Meliá looks to ‘survival’ rather than ‘profit’


Shares in Meliá Hotels International, the Spanish operator, fell nearly 10 percent on July 31 as the company said that “long-term survival” had become its priority.

Gabriel Escarrer, the CEO, said: “This is not the time to be thinking about profits, but rather about long-term survival and strength.”

At the end of June net company debt stood at 2.3 billion euros, an increase of 294 million euros compared to the end of December.

At the end of June, Meliá had liquid assets and undrawn credit lines of 553 million euros. It added that the negative monthly cash outflow during the worst months of the crisis was less than 50 million euros.

Mr Escarrer said: “In an uncertain summer season which is expected to be shorter than usual and dominated by “staycations", the company is focusing on maximising the potential of the domestic market in each country and region, resort hotels - which are recovering faster than city hotels - and independent travellers.” He also referred to the lack in business travel and said that uncertainty about how long it will take to get back to normal meant the company would not make any financial estimates for 2020.

Net losses were 359 million euros because, the company said, of “the business environment caused by COVID-19 and the impairment in asset value of 148 million euros.” It said that it does not expect the writedown to increase in size because it was assumed that the ongoing pandemic would lead to a worsening macroeconomic climate. The net loss excluding the impairment charge was 203 million euros.

Only 12% of rooms were open in the second quarter compared to the same period in 2019 creating what it called a 96% gap in RevPAR – a “gap” of 63% between January and June.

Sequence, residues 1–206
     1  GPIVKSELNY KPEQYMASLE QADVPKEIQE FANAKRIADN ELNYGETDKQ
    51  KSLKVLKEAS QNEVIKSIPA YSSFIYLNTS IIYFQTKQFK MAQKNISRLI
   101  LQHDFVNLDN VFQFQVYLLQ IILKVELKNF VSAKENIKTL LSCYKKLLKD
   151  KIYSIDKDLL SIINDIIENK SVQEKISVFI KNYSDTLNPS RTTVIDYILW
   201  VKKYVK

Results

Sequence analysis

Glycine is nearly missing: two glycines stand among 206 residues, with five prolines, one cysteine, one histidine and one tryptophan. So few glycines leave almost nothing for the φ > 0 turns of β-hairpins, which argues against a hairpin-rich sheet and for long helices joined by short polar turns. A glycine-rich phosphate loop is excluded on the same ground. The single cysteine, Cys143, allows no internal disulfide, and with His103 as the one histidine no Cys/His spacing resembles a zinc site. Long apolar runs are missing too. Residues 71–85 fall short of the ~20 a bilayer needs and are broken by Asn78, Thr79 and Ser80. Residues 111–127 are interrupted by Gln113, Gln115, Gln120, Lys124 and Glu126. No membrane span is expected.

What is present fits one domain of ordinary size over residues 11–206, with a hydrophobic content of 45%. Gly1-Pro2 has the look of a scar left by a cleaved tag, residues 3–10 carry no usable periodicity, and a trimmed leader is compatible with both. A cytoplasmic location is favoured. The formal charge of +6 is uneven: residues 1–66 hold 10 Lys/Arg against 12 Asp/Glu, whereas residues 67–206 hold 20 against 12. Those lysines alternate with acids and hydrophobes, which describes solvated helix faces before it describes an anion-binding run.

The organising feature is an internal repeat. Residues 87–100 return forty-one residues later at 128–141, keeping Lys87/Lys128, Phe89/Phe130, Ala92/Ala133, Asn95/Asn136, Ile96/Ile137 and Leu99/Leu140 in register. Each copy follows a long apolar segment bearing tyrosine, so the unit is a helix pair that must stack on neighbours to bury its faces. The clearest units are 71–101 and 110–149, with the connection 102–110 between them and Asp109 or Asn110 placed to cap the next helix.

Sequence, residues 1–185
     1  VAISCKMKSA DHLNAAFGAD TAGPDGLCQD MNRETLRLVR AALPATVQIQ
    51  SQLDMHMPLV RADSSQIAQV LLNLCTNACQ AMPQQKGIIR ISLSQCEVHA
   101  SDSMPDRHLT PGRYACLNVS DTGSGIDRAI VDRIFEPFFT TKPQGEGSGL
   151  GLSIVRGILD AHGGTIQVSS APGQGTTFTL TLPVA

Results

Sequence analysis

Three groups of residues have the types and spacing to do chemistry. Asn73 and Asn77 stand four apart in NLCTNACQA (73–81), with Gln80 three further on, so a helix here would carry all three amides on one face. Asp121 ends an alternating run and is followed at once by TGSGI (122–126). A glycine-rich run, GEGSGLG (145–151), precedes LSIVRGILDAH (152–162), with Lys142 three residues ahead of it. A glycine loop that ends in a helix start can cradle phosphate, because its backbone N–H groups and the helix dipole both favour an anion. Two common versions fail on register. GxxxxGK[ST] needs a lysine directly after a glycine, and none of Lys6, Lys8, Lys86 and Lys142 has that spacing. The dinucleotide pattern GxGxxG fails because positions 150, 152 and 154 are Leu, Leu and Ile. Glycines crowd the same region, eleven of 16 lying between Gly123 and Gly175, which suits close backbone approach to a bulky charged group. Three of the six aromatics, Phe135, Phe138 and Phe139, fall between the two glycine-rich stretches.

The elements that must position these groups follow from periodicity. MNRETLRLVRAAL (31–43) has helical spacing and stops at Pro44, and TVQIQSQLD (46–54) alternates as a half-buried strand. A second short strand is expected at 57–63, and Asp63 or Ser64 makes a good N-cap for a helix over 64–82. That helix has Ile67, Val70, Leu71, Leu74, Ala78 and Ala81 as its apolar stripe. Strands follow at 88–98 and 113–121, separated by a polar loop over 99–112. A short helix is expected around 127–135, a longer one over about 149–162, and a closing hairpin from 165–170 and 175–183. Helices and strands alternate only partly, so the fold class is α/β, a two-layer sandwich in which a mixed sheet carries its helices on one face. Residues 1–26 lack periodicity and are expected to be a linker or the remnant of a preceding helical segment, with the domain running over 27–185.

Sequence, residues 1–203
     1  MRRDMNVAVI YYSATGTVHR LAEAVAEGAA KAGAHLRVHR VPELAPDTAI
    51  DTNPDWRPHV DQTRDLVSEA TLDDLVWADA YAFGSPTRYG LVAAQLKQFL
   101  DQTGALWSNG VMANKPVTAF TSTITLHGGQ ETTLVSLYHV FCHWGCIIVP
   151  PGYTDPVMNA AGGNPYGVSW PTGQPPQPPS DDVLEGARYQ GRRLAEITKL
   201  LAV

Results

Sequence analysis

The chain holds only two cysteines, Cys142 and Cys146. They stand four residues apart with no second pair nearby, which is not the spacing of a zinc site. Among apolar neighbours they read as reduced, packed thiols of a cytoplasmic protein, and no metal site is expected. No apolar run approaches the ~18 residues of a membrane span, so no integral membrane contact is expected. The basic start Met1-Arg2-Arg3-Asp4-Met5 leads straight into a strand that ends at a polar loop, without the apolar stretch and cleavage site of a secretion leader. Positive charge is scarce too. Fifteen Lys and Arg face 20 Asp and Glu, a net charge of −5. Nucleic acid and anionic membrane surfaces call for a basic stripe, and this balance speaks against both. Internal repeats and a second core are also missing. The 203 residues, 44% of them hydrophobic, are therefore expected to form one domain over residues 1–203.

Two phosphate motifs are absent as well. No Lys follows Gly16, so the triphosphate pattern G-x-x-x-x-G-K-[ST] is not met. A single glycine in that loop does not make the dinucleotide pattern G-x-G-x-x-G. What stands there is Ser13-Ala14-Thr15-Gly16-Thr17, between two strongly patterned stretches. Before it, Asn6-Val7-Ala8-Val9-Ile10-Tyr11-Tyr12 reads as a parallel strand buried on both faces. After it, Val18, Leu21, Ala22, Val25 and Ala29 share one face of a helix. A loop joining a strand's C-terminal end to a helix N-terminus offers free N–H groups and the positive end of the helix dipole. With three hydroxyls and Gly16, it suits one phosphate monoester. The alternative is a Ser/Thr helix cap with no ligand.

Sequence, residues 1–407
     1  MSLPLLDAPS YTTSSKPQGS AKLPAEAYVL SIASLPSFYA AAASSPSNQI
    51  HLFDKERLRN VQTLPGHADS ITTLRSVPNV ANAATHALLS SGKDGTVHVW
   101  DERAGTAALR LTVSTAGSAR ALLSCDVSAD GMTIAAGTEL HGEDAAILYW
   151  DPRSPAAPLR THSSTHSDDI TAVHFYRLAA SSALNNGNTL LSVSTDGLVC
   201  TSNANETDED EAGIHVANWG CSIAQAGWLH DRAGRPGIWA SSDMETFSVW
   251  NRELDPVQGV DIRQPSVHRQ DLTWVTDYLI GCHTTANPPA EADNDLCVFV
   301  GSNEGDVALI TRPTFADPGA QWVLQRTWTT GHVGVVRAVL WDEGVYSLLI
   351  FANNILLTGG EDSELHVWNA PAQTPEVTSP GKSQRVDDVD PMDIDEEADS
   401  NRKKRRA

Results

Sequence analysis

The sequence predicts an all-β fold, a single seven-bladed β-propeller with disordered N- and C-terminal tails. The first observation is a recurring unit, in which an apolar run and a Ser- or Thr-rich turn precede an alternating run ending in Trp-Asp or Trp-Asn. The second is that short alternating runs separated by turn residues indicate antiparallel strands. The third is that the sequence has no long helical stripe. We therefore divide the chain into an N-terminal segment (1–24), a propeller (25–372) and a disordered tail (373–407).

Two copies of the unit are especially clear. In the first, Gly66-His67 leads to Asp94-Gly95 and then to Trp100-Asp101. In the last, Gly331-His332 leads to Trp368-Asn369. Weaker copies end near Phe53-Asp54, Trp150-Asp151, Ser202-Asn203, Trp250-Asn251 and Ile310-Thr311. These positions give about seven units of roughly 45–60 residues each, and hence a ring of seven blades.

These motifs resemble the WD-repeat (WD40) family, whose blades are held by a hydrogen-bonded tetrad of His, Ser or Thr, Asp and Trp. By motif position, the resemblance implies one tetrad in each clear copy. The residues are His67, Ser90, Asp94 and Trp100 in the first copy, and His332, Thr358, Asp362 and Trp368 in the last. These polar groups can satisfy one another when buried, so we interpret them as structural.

The company said that its contingency planning “has safeguarded the liquidity and viability of the company in the short term.” It said that strategic planning for the next two years: “aims to maintain its leadership and leverage any opportunities in the medium and long term.”

It said costs had been reduced by 43% in the first half and by 67% in the second quarter. The cuts, it said, helped mitigate the effects of a 63% decrease in revenue.

Online channels and Meliá generated 48% of company sales in the first half of the year. Since June, it said, the channels have generated 60% of all business.


One does not need much in the way of ‘insight’ to see that Meliá is in deep trouble. The company itself has made the dismal truth crystal clear by telling the world its focus is on survival not profit.

If further insight is required, look no further than the share price. Stock market investors have given most rivals a metaphorical shrug on sight of second-quarter earnings. Meliá? Not.

Yet more troubling, perhaps, is the view given on examination of the year to date share price. Meliá stock is the worst performing of 14 peers including Accor, Hilton, Wyndham, InterContinental and NH Hotels over three, six and twelve months – according to data drawn from the Financial Times’ website. Over one year,  most are down between 20 and 40%. Meliá has lost more than half its value.

Markets are fallible. They are, underneath it all, only human. The insight offered here, however, is telling.